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OpenGALEN Slide No.: 1 Introduction to Clinical Terminology and Classification AL Rector OpenGALEN CO-ODE The Medical Informatics Group, U of Manchester.

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Presentation on theme: "OpenGALEN Slide No.: 1 Introduction to Clinical Terminology and Classification AL Rector OpenGALEN CO-ODE The Medical Informatics Group, U of Manchester."— Presentation transcript:

1 OpenGALEN Slide No.: 1 Introduction to Clinical Terminology and Classification AL Rector OpenGALEN CO-ODE The Medical Informatics Group, U of Manchester

2 OpenGALEN Slide No.: 2 Where we come from Best Practice Clinical Terminology Data Entry Clinical Record Decision Support Best Practice Data Entry Electronic Health Records Decision Support & Aggregated Data GALEN Clinical Terminology

3 OpenGALEN Slide No.: 3 Open GALEN: Philosophy Terminology is software  Terminology is the interface between people and machines Re-use is the key  Patient-centred information Terminology must have a purpose  Always ask: “What’s it for?” — Not art for art’s sake  Terminology supports clinical applications - not vice versa – Applications for someone to do something for somebody – Keep the ‘Horse before the Cart’  Always ask: “How will we know if it works?” “How will we know if it fails?”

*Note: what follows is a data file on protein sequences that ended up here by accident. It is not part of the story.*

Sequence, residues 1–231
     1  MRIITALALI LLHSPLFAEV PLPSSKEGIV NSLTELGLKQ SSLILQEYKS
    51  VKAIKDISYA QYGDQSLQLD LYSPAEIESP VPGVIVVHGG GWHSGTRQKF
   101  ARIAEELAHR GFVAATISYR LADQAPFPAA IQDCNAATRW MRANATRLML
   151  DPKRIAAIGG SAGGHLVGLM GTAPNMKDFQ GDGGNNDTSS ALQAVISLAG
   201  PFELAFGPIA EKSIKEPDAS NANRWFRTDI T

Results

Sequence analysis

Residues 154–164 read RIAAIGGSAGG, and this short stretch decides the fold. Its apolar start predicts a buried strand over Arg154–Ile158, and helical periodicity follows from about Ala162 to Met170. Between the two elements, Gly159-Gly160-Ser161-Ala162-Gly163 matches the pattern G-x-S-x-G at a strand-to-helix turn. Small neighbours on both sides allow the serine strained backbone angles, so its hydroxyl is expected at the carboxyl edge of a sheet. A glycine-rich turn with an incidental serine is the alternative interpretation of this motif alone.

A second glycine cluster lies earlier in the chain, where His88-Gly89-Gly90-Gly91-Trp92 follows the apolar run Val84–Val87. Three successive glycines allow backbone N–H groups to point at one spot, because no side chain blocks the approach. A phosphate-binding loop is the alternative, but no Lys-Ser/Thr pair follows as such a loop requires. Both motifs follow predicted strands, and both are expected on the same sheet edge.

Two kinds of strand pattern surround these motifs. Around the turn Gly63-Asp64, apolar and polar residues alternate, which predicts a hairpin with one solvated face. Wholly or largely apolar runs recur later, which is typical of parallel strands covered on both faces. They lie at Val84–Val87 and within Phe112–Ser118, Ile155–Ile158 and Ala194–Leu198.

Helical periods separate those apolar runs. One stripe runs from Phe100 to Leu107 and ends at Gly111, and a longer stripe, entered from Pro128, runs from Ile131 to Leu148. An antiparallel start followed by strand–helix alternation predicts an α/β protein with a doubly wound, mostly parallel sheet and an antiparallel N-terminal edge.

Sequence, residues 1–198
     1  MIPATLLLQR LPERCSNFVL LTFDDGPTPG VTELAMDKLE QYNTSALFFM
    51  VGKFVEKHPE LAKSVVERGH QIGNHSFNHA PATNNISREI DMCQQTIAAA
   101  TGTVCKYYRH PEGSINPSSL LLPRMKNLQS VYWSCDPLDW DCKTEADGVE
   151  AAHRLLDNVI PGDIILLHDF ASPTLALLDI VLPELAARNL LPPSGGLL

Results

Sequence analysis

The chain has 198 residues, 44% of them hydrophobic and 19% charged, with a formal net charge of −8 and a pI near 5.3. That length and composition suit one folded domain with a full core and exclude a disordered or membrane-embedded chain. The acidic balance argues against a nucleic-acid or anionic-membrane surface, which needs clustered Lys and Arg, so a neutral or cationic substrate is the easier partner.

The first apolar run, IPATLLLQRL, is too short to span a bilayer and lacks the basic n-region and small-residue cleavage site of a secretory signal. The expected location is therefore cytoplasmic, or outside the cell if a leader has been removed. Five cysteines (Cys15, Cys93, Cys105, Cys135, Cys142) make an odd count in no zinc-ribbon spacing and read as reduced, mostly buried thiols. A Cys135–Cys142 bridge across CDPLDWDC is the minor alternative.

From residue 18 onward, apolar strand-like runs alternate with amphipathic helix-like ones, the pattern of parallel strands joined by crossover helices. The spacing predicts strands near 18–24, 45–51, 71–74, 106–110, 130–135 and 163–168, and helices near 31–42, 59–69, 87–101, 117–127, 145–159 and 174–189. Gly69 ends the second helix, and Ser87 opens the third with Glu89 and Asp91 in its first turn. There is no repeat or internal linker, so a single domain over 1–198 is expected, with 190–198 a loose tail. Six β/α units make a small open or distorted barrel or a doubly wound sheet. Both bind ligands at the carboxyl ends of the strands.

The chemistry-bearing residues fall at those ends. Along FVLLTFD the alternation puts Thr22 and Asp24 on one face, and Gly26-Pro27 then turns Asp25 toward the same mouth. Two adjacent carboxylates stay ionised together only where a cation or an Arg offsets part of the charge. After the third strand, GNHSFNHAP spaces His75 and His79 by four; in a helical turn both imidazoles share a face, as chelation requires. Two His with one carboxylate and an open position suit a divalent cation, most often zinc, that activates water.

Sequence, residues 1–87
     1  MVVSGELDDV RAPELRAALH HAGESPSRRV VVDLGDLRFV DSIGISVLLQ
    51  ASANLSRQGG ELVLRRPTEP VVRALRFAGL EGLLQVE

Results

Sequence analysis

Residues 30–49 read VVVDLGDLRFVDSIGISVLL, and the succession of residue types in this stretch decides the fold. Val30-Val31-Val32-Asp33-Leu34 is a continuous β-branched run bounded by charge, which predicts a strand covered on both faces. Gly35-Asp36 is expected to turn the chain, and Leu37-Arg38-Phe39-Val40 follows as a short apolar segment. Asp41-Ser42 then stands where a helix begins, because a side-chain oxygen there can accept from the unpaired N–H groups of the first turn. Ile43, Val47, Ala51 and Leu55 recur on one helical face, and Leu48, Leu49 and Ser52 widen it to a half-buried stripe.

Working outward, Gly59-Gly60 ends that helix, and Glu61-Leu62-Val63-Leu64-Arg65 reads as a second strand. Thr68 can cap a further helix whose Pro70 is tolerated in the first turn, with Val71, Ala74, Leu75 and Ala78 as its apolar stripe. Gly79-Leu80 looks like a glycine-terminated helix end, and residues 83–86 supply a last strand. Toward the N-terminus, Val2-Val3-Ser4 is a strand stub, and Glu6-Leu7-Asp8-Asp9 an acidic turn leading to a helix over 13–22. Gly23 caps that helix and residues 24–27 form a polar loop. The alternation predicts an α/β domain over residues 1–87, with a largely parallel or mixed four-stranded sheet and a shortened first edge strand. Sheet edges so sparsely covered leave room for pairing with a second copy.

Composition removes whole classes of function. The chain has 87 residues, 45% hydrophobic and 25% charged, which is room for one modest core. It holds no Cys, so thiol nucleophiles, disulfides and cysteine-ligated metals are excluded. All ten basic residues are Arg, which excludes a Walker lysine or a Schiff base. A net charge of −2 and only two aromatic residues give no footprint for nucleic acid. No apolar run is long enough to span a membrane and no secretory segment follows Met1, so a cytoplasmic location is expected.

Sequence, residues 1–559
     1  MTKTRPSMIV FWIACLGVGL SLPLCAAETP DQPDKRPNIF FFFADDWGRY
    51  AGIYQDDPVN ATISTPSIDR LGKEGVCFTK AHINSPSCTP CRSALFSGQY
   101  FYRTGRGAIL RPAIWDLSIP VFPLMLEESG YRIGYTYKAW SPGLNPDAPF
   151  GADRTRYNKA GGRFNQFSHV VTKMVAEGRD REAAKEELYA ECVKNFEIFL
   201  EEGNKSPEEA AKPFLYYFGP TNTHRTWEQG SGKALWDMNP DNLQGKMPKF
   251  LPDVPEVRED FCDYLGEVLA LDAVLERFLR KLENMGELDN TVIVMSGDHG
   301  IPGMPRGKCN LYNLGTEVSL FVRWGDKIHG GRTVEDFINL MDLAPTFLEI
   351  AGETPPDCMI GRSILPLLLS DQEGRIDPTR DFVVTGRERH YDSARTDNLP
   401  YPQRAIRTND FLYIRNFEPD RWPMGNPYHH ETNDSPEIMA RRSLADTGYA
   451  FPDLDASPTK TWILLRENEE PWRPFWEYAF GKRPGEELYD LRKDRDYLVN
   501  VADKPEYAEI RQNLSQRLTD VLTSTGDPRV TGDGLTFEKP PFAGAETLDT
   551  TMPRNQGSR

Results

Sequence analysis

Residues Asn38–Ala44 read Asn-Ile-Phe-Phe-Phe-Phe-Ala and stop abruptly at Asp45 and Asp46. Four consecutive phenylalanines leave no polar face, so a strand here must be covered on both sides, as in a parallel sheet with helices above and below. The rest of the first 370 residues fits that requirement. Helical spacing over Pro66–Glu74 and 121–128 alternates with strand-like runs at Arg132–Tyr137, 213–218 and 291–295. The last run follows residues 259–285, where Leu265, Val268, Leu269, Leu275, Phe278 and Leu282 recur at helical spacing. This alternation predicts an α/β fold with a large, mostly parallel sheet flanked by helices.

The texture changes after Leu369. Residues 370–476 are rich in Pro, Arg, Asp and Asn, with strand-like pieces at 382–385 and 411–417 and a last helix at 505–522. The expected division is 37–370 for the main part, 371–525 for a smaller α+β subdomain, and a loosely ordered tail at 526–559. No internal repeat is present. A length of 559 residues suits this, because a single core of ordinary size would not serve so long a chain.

4 OpenGALEN Slide No.: 4 Open GALEN: Key ideas Separation of kinds of knowledge  Terminology, medical record and information system schemas  Models of meaning; Models of Use  Concepts, language, Coding, Indexing, Pragmatics  Machine level, User level Knowledge is fractal!  There will always be more detail to be added — Therefore terminologies must be extensible Formal logical Support  Too big and complicated to maintain by hand — Extensibility requires rules — Software needs logical rigour

5 OpenGALEN Slide No.: 5 Axes for kinds of Knowledge Machine level Human Level Concepts Language Coding Indexing Pragmatics & User Interface Terminology Medical Records/ Information systems Decision Support rules